A world famous puppetry company, singlehandedly responsible for the National Theatre’s currently positive balance sheet. The poetry of one of Britain’s most famous 20th century writers. Put them together, and you’d get something magical, like Cats.
Or maybe not.
Two days after seeing Handspring Puppet’s Crow, I amazed that no one saw fit to stop this train wreck. There are some puppets, if this is what you came for. I recall a moment of naturalistic beauty as one first lifted its shiny black head to look upon the world. And there is some interesting poetry that, early on, gave hope that the evening might soar.
However, it’s the eye-burningly bad modern dance that drags the show down. The movement is not so much uninteresting as actively ugly, only tangentially related to the spoken word (which is actually in short supply). Watching the actors shuffling around on the floor, disassembling puppets, smearing grease on each other, feigning amorous interest, and generally giving their best, I feel sure their sincerity meant they had yet to figure out they were involved in a monsterpiece.
The crow puppets actually made it all worse. Was the emotional climax of the play really the moment when the pale penis of a man-sized crow creature becme erect? It’s an image that is burned in my mind, to be sure, in part because it marked the point of when I realized the evening was lost. As the crow chased a long haired actress lustily around the stage, finally disappearing into a cavern with her, I wondered if it could get any worse. Then the dome at the center of the stage cracked, and a giant crow beak poked out. The night tipped into pure absurdity for me, as I relived the key moment of an amateur production of HP Lovecraft’s “The Shunned House,” in which all of the evil of a small town is made clear by the grand reveal of an ELBOW of some giant monster, rather unconvincingly rendered in carved foam. (Read the full text here and imagine the moment.) Crow had crossed into parody, and I let myself giggle away the rest of the evening.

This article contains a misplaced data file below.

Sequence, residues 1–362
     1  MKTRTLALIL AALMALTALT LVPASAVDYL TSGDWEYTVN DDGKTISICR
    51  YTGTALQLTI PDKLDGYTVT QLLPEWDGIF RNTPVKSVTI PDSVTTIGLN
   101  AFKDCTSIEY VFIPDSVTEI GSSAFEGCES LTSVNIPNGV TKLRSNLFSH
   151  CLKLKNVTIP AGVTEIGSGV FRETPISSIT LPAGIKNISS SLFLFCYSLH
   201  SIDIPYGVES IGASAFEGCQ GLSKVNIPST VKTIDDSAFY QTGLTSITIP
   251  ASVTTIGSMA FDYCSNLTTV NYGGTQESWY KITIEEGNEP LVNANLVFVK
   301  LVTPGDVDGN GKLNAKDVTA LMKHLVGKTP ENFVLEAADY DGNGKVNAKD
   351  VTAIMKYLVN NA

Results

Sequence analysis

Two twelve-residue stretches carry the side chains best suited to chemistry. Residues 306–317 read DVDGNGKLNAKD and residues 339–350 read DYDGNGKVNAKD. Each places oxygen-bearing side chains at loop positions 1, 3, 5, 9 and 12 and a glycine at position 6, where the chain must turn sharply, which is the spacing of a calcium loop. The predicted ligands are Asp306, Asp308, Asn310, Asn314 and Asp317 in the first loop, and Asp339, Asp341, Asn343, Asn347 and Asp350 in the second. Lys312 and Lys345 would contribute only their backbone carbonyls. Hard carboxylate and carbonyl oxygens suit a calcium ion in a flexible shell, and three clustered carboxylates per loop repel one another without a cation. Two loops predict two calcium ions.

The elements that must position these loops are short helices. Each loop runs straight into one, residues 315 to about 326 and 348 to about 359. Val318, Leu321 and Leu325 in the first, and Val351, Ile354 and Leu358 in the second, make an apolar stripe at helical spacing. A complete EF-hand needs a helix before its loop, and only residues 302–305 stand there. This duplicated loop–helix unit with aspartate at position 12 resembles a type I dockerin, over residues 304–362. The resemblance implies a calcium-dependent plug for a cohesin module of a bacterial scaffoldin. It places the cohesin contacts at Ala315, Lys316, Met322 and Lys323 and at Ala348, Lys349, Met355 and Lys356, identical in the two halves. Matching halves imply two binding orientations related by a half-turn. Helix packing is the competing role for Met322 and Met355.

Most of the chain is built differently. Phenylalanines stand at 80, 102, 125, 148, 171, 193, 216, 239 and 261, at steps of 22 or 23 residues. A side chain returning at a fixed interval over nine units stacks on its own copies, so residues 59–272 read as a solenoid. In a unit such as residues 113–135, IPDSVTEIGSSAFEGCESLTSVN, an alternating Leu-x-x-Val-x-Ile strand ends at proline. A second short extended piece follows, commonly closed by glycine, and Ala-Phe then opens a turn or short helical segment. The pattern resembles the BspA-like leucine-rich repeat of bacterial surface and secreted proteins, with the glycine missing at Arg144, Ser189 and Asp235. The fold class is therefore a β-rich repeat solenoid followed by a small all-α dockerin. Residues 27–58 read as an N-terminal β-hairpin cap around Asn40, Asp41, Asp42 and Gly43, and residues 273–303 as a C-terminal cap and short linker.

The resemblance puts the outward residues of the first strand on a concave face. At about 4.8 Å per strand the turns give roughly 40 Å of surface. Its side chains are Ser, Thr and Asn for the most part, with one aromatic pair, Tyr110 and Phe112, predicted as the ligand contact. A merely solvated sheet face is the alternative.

It’s amazing how a really bad show can make one hour and ten minutes seem like an eternity, but I knew it had to end soon enough; many of the other audience members were unable to wait even that long, however. We walked out in silence. Will it be revived? I think: nevermore.
(This review is for a preview performance that took place on Tuesday, June 19th, 2012. Crow continues through July 7th. If it helps, imagine this show at the performance given my the gang of bankrobbers to the old ladies’ art society in The Ladykillers. It kind of works!)